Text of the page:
The other day, I went to the ballpark to see my team, the Mets, play
the Florida Marlins.
It’s always a shock these days to make your way into the team’s new stadium, Citi Field
(named, charmingly enough, after one of the financial institutions that took us down in 2008
and somehow came up smelling like roses). No more is it just tickets at the turnstile.
What’s involved now is that peek into your backpack or bag, followed by the full-scale
search of you, body wand and all.
I always have the urge to shout: I’m here for a ballgame, not the
Global War on Terror!
Instead, of course, I just lift my arms and let myself be wanded. It’s like an eternal reminder that,
for Americans, 9/11 did change everything -- and for the more intrusive at that.
Once inside, past all the restaurants and clubs, memorabilia shops and sports-clothing stores
that now add up to the baseball (basemall?) experience, it turns out you haven’t left America’s
In about the fourth inning of this particular humdrum game, only
modestly attended on a Monday night,
the looming Jumbotron in the outfield (where I was sitting) suddenly flashed a shot of an Iraq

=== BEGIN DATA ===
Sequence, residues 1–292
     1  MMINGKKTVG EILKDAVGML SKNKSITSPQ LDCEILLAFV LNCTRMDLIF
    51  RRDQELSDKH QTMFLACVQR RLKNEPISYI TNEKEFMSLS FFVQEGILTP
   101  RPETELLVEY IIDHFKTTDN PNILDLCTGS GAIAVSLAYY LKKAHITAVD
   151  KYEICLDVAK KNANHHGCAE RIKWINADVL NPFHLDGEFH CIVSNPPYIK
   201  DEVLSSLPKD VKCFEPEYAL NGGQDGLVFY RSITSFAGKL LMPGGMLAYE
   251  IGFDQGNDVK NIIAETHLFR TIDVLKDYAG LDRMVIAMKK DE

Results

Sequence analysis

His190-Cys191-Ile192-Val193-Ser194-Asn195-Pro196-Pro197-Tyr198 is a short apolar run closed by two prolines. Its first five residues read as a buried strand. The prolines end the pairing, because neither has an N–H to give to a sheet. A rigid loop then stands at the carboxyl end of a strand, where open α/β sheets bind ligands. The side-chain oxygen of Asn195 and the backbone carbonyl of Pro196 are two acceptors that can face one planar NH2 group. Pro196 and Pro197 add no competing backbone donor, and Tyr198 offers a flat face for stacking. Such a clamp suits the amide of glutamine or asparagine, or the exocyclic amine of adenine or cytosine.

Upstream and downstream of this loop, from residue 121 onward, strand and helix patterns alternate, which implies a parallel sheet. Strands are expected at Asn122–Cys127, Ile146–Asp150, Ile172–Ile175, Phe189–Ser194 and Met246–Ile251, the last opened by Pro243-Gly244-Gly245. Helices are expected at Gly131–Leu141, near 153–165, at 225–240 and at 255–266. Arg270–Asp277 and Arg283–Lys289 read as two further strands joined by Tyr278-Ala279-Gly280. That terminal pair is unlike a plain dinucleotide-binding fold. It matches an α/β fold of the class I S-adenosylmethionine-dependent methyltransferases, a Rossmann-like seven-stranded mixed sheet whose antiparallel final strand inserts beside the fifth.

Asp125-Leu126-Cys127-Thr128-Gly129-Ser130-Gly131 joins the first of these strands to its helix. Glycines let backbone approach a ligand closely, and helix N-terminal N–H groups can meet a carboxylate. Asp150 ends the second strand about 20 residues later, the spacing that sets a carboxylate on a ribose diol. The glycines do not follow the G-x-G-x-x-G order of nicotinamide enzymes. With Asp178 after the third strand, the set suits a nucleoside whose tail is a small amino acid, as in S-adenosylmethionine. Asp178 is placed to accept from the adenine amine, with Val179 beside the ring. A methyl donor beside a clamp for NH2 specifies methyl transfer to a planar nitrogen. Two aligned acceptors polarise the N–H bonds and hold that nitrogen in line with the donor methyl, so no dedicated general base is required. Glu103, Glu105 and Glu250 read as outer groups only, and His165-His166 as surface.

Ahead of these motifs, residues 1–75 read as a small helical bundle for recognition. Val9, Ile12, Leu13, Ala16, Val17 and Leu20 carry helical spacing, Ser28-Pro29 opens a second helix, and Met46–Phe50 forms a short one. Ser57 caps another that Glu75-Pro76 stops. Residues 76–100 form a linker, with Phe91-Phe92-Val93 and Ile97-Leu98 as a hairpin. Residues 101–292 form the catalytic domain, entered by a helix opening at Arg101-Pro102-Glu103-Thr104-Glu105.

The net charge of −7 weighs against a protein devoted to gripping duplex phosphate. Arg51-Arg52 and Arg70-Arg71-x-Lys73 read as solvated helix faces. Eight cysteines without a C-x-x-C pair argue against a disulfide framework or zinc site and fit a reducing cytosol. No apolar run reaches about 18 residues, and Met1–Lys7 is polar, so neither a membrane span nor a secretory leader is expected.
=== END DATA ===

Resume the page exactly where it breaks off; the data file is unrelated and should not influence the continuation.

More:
War veteran in the stands. Caught in the camera’s eye, he stood up to wave, bringing the sparse
crowd to its feet cheering. Then, former Mets great Tom Seaver came on screen making a pitch
for vets, which he concluded this way: “They’ve made their sacrifice. Now, it’s time for us to do the same.”
And then, of course, everybody sat down, went back to hotdogs and
peanuts, and the game proceeded.
As Andrew Bacevich, author of Washington Rules: America’s Path to Permanent War, points out in a
particularly striking way in his piece “Ballpark Liturgy: America’s New Civic Religion,” it’s no mistake
that pleas like Seaver’s end in mid-air on nothing whatsoever. Like the Bud Lite being sold all over that
stadium, sacrifice-lite is being sold all over America when it comes to wars that most of us are almost
completely detached from (until the bills start coming in). Sacrifice-lite turns out to have less body and
isn’t filling, but nobody’s about to complain. Not in America.